I’ve always been fascinated by decades past, particularly those before my birth. My novel spans the ‘70s and ‘80s, and I’ve written short stories set in similar periods. It’s not easy to capture the ‘vibe’ of another decade, because it goes beyond saying, “My story is set in the seventies so I’ll have my characters watch The Brady Bunch.” Dropping popular celebrity names, fashion styles, or any peppering of timely—and obvious—pop culture references will not do the setting’s vibe justice.
When I first began to research my novel’s era, I was biting off more than I could chew. Countless hours were spent memorizing hairdos, current events, slang terms, and more. None of which, might I add, turned out to be successful in creating my story’s (totally far out) vibe. In movies and television shows these elements may be important due to their visual natures, but it doesn’t work the same way in literature. Though some well-placed epoch-relevant allusions work well, there is no need to constantly remind the reader what decade it is. The groove should take care of itself.
So taking a step back and re-analyzing the situation, I found that taking a broad, academic approach to researching a different decade works wonders. Take any ten year period and think about the big picture. What were people’s hopes and fears at the time? What philosophies surrounded the era? This is what I mean by vibe.
Two great books have aided my process:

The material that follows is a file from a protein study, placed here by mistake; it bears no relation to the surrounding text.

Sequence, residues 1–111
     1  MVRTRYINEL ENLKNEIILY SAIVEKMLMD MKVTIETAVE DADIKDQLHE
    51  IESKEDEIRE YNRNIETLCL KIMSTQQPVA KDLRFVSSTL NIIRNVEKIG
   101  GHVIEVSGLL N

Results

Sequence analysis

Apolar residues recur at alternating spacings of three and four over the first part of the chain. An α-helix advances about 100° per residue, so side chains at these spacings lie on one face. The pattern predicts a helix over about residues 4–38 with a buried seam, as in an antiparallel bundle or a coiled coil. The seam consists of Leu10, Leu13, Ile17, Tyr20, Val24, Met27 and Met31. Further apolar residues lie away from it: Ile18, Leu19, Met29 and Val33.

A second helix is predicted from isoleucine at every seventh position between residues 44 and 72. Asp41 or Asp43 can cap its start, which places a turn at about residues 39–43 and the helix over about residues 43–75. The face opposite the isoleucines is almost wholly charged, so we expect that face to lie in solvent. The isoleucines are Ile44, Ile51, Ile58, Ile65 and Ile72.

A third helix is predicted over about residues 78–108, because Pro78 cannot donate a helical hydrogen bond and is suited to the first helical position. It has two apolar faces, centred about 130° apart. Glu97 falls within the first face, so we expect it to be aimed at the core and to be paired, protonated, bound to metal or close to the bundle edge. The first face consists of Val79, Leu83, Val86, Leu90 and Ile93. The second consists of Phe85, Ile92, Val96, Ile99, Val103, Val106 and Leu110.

Decade of Nightmares: The End of the Sixties and The Making of Eighties America by Phillip Jenkins
Back to Our Future: How the 1980s Explain the World We Live in Now–Our Culture, Our Politics, Our Everything by David Sirota
Both books gave a comprehensive overview of the 1970’s and 1980’s, respectively. Just having a sense of the overall climate of the two decades gave me tremendous insight.
In the meantime, I’ve developed some strategies to live by when researching the glory days:
- Peruse books, magazines, and newspapers from the era. I got lucky when my father-in-law came across boxes of old Newsweek compilation books in his garage. The books were categorized by year. From obscure cigarette brands to long-forgotten car models, vintage kitchen equipment, and not to mention, the big stories of the day, these books greatly contributed to my setting’s ‘vibe.’
- Watch television shows, movies, and music videos (if applicable, otherwise, listen to the music) of the era. Also, read books written during the era. Particularly with film and television, this helps with the visuals. The semi-faded backgrounds, the slower day-to-day pace, the humor, and of course, the ‘look and feel’ of the decade. Translate this into the writer’s mind, and somehow, magically, it ends up on the page. I’ve made a point to watch movies like Saturday Night Fever, The Breakfast Club, and other pop culture classics circa…well, fill in the blank. Nick at Nite can be helpful, as can old episodes of Saturday Night Live.
- Watch television shows, movies, music videos, and read books that portray a different era. Get some ideas on how it’s been done. Which ones are believable? That 70s show, Happy Days, Mad Men, and The Wonder Years come to mind. As do films such as Dazed and Confused, Rock Star, The Sandlot, Forrest Gump and A League of Their Own.Some great fiction that depict the days of yore? Try Wally Lamb’s She’s Come Undone, Jodi Picoult’s Second Glance (Told in parts during the 1930s—what a feat!), and of course, many more.
My main point in this: the details do matter, but so does the bigger backdrop. Establishing setting (either time or place) on details alone just won’t do the trick. The vibe is crucial, even in its most subtle forms. Without the vibe, the story’s just stuck in some timeless purgatory.
Have you ever written in an era other than this one? Did you go back even further (in other words, a ‘real’ historical novel)? What was your experience like? How do you capture ‘the vibe?’